Shell says it favours greater transparency, if applied globally. It opposes the existing project-by-project initiatives because they omit companies not listed in America or Europe, thereby handing them a competitive advantage.
The second front for improving transparency concerns the use of murky corporate vehicles. Hopes are growing that the G8, which meets next week with Britain’s David Cameron in the chair, will take steps towards ending the use of anonymous shell companies. Had corporate registries been collecting, and making publicly available, information on beneficial owners back in 1998, the identity of Malabu’s owners might have been clear from the start. And it would have been much more difficult to move the proceeds of the sale to Shell and ENI into the corporate equivalent of a black hole, seemingly out of the reach even of Nigeria’s anti-corruption commission.
Expect to see more big names from the oil industry, such as Shell, ExxonMobil and Statoil, moving into the British shale sector now that one of their competitors – Centrica – has taken the plunge. The international companies have always taken a keen interest in the UK fracking scene, despite endless statements from their chief executives that there are better prospects in China and elsewhere.
There is some speculation this weekend that the reason Centrica paid a fairly toppy price for the stake in the Bowland Shale licence from Cuadrilla Resources was because it faced competition from Shell and others.
It is not so much the geological uncertainty that made big oil hesitate in the past, but the fear of reputational damage. And as one of the industry players told the Observer: “That all changes now because Centrica has elected to become the lightning rod for the industry.”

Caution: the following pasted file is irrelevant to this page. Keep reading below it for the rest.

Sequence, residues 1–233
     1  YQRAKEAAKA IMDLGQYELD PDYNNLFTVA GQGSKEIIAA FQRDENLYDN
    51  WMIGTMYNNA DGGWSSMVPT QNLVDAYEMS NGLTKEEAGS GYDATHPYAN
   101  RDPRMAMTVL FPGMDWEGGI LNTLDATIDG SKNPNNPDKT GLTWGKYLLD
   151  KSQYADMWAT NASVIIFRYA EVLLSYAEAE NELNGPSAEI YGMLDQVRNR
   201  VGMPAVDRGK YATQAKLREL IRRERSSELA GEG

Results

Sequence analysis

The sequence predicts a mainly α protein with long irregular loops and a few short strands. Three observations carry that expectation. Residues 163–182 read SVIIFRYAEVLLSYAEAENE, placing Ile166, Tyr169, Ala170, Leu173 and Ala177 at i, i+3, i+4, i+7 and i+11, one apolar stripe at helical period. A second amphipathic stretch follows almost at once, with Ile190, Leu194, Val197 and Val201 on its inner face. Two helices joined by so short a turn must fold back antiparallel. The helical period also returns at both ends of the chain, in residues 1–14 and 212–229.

Indeed it will. Green groups opposed to fracking because of the chemicals used and because they believe more gas use means more carbon emissions have already condemned Centrica. A couple of small earthquakes in the Blackpool region that helped to trigger an 18-month drilling moratorium have heightened public concerns. Fracking remains banned in France, Bulgaria and some other countries.
In fact it was always likely that the British Gas parent group would be first out of the blocks, not least because it has the largest retail supply business in this country.
Equally, if anyone is going to have the inside track on what government is thinking about the future taxation structure planned for a shale gas regime, it is going to be homegrown Sam Laidlaw, chief executive of Centrica, rather than say Peter Voser, the boss of Shell, who spends much more time in The Hague than London.
Laidlaw is constantly in and out of Whitehall. Until recently he was part of David Cameron’s Business Advisory Group, while Centrica, as one of the UK’s few, and by far the biggest, British-owned power suppliers, stands most to gain from changes in UK energy policy.
Was British Gas pushed by ministers to front UK shale? Certainly Centrica had privately expressed reservations about the flack it might take if it got involved at an early stage. Ministers were keen to give credibility to a sector populated by small firms, even if some have big backers behind the scenes, such as IGas’s connections with the partly state-owned China National Offshore Oil Corporation.
But it seems more likely that Laidlaw, who as recently as January had expressed the view that UK shale was no “game changer”, just changed his mind and decided it was worth having first-mover advantage.
He had no doubt spent much time talking to John Browne, whose chief executiveship at BP was characterised by being first off the blocks (into Russia, mega-mergers with Amoco etc) and just happens to be a director of Cuadrilla and the UK government’s lead non-executive board member.
So Centrica is to spend £100m helping Cuadrilla with an exploration programme which restarts in earnest next year with a new, fourth, well. A further £60m is promised if the exploration turns into production.
But the size and scale of the shale sector in Britain remains unclear. The British Geological Survey is shortly expected to come up with some encouraging new reserve estimates. Equally, the Treasury will confirm the level of tax breaks available before the parliamentary recess next month.
But the issue that will decide whether Britain can replicate the enormous success of the shale frackers in America, where prices have dropped like a stone, is whether the gas can be made to flow from the rocks easily and in large quantities. That will only be known once more wells are drilled, but Centrica is clearly optimistic.